In attempting to fulfill the instruction of the Qur’an, where Allah exhorts us to fight for the weak and oppressed, many in our community have taken up the cause of the oppressed in big and small ways. Some have taken up the call of the poor and marginalised and are involved in schemes to improve the lives of the economically disadvantaged, some write about issues, some belong to activist organizations that raise awareness and advocate for the oppressed and some agitate. So no matter how we fight for the oppressed, like the Rohingya, whether with our hands, our tongues or our hearts, as Muslims, the struggle has to  happen and must continue.

Here are some simple initiatives every Muslim can take up:

  • Persevere in making du’aa to Allah to ease the suffering of the Muslims throughout the world,
  • Raise awareness by talking to others about the plight of the Rohingya,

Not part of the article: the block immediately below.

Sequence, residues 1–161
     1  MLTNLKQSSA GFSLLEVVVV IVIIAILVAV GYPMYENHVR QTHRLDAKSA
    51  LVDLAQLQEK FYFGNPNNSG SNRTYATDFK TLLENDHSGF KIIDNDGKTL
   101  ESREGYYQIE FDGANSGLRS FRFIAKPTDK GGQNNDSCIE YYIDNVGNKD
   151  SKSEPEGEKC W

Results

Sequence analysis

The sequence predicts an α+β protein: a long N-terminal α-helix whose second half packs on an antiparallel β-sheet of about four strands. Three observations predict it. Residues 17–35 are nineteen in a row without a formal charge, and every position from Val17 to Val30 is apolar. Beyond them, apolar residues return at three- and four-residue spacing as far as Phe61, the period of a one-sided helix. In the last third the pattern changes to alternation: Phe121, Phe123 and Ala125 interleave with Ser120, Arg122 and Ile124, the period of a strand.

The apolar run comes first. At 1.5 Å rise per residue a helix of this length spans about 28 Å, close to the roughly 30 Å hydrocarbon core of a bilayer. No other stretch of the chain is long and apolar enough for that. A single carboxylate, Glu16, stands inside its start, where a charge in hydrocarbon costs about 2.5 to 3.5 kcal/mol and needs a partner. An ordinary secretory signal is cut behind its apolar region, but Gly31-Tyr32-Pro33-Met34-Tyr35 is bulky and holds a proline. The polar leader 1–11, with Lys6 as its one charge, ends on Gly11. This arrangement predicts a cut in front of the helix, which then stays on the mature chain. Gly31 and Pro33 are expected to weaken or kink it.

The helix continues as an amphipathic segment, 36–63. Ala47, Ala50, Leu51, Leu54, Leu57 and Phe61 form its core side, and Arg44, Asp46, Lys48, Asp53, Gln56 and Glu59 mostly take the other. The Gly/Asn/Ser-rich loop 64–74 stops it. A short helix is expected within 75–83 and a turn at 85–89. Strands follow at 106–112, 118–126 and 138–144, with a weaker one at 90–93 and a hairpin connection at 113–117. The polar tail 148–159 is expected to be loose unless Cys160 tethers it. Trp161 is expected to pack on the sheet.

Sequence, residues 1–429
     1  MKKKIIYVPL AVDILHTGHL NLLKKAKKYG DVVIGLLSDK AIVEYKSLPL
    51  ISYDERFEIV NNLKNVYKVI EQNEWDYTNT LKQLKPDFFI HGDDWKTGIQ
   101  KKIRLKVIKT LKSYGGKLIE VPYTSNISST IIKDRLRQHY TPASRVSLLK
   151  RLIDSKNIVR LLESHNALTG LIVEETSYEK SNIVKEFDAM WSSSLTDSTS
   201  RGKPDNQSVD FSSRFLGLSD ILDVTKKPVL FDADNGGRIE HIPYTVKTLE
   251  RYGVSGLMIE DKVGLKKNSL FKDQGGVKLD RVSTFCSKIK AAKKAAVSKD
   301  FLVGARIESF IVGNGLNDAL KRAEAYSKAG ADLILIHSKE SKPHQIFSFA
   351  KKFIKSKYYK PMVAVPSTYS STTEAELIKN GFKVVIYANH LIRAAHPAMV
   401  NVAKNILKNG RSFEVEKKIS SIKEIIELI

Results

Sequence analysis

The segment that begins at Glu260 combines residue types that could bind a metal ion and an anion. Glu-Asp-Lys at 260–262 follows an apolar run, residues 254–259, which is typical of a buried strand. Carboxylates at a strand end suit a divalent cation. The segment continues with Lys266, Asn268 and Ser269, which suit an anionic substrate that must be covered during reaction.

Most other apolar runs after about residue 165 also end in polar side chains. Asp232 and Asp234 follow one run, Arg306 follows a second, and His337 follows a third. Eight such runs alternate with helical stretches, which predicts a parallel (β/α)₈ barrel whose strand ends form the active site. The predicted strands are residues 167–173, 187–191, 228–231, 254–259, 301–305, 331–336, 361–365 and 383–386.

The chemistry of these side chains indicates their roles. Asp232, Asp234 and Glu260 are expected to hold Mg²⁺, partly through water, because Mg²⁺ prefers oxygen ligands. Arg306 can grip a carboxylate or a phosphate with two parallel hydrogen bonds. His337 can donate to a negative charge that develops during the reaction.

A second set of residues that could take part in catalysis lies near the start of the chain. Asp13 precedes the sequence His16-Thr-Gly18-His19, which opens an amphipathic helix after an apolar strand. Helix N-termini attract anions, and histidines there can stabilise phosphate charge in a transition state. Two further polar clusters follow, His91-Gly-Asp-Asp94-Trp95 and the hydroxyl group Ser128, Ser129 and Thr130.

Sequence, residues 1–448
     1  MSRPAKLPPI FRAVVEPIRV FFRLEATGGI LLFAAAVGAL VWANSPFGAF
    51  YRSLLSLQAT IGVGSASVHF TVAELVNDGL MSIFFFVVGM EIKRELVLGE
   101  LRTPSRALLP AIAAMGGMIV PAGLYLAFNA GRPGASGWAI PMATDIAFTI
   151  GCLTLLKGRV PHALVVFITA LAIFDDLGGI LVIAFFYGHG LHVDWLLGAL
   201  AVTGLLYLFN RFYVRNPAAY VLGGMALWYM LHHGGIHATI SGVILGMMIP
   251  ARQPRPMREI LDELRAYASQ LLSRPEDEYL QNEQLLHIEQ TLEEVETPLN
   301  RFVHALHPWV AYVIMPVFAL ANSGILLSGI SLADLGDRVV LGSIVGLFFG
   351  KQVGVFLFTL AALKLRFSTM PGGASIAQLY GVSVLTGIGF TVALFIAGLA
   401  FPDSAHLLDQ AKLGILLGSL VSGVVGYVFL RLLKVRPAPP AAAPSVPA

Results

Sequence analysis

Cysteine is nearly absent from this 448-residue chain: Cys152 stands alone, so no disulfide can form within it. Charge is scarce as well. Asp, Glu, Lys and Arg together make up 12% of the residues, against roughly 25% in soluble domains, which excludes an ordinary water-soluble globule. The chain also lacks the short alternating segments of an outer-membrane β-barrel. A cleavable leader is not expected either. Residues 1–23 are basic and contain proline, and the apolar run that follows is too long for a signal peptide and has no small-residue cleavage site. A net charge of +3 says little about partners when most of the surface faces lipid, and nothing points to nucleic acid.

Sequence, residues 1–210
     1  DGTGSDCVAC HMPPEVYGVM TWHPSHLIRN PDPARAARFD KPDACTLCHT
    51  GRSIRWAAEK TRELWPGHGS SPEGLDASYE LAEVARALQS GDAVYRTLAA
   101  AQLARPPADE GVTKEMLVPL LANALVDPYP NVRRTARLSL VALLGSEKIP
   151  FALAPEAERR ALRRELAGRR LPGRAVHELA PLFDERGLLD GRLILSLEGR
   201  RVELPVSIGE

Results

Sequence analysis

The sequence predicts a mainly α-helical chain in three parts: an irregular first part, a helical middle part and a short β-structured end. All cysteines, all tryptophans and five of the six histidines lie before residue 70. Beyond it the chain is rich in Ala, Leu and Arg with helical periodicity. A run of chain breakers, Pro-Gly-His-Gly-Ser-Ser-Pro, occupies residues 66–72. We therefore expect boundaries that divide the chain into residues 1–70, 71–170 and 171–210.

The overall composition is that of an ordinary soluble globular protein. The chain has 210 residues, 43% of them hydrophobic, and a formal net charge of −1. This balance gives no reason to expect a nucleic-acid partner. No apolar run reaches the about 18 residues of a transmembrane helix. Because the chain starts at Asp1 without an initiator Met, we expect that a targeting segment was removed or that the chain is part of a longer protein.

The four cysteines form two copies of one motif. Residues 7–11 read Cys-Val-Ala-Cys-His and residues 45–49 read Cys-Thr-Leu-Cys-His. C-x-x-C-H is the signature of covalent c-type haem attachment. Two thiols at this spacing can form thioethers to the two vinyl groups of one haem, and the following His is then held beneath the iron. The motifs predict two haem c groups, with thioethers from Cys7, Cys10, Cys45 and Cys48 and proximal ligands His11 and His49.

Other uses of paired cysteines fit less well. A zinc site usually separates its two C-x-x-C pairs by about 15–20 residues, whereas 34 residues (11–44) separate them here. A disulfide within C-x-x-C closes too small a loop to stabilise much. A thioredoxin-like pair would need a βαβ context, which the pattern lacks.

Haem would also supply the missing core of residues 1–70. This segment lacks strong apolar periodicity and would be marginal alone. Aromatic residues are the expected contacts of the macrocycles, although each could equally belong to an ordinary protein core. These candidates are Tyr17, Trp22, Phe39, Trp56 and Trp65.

• Join activists groups like ‘Protect the Rohingya’ on social media and get involved in their activities,
  • Register your protest by writing to the relevant embassies, international bodies and governmental structures,
  • Share your wealth and assist by raising funds to support humanitarian projects to aid the oppressed.

As we strive to attain closeness and a connection with our Creator, we should also embark on a campaign of self awareness and self growth. As Muslims, assisting and fulfilling the needs of the oppressed forms part of one’s individual spiritual revival. Piety and closeness to Allah is not only attained through worship, but also through a process of serving humanity.

 

Nabi Muhammad (Peace be Upon Him) said, “A Muslim is a brother of another Muslim. So he should not oppress him, nor should he hand him over to (one who does him wrong). Whoever fulfills the needs of his brother, Allah will fulfill his needs…” (Al-Bukhari & Muslim)

Like Yemen, Syria and Palestine this crisis requires the urgent personal intervention and leadership of global leaders. It is essential that not only are new restrictions lifted, but also that all the restrictions previously in place are also lifted. Failure to act could result in what Rohingya activists have described as a slow motion massacre by starvation and disease.